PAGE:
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Source: Bell's Weekly Messenger, No.1863, Sunday, December 18, 1831

Fires in the Country.

In the middle of that part which is called the Old Town of Croydon, a fire broke out on Wednesday night, after twelve o'clock, in the store-house of a fellmonger, full of wool, the whole of which, and the building, were entirely consumed; and had it not been for the speedy arrival of the fire engine, and having plentiful supply of water, the fire would have increased to a very alarming extent.

Thursday morning two large barns full of corn, two stables, a cow lodge, and other outbuildings, the property of Mr. Headley, Great Shelford, Cambridgeshire. Loss of property, upwards of 3,000l.

A fire broke out in the village of Harmondsworth, in the Colnbrook road. A large building was on fire, containing a number of beasts stored therein, to fatten, belonging to Mr. Tillier, a farmer and grazier, but to which, from the timely discovery, very little damage was done, as the fire was soon extinguished, Mr. Tillier having a fire-engine of his own on the premises. It is supposed to be the act of incendiaries, as two men were seen running away from the premises shortly before the fire was discovered.—Times.

Friday night the stack-yard of Mr. Julland, at Coddington, near Newark; 500l. worth of corn consumed; two barley stacks and the out-houses saved.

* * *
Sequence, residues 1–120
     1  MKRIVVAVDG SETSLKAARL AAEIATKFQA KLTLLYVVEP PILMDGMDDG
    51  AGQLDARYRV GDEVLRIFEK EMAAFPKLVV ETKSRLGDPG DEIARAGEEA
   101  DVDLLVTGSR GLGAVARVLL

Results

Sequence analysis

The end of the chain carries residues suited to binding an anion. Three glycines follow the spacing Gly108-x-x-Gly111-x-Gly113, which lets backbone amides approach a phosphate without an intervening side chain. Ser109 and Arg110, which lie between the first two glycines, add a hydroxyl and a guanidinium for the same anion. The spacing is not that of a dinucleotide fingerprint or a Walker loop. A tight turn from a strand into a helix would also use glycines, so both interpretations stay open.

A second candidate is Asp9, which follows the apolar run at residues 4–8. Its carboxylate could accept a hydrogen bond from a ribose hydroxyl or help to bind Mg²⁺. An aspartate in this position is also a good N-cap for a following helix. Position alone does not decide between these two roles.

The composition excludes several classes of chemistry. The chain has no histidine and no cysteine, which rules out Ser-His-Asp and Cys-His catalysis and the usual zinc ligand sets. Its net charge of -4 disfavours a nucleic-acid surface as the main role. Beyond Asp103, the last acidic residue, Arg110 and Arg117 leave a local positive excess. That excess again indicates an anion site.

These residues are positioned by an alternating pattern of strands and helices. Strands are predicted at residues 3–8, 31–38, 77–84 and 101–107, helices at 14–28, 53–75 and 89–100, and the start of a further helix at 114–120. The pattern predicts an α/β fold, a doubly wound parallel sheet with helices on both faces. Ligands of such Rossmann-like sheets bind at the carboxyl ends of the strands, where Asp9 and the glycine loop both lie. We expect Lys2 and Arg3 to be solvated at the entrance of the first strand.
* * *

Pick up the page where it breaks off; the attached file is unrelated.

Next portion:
Thursday night a wheat stack belonging to Mr. Barton, of Leverton, near Boston, several corn stacks adjacent saved.

Sunday night at Milton, near Alfriston, Sussex, a large barn containing the produce of several acres of barley, a considerable quantity of wheat, two adjacent hay-stacks, a waggon lodge, and other out-buildings, totally destroyed, belonging to Mr. Charles Ade, tenant to Earl Plymouth; estimated loss 2,000l.

Sunday night 9 wheat ricks and two barns full of corn were consumed at Barton Stacey Farm, Wiltshire, belonging to Mr. Smith.

The two men concerned in the attempt to set fire to Mr. Colman's corn stacks are fully committed for trial—Sherborne Journal.

Sir H. Durrant offers to present a cottage and two acres of land to any one who will bring to justice an incendiary. This will operate both as a preventive and as a means of bringing the villains to punishment.

A man named Brown has been fully committed, charged with burning the premises of Mr. Howes, of Besthorpe, Norfolk, on Friday fortnight. An accomplice names Rogers has been admitted Crown evidence. The case was investigated and traced out by a Bow street officer.

Another fire broke out at Milton Ernest, about midnight on Thursday last, on the premises of Mr. Balls, when a wheat hovel, containing about 60 loads, was burnt; this was completely surrounded by stacks of other grain and thatched buildings, which were fortunately saved by the engines from Bedford, and the exertions of the neighbours.—Bedford Chron.

Early on Wednesday night last a rick of barley, adjoining several others, belonging to the Earl of Sefton, at his seat, Stoke, Bucks, near Windsor, was set on fire; but, fortunately, was discovered before the flames had made any great progress.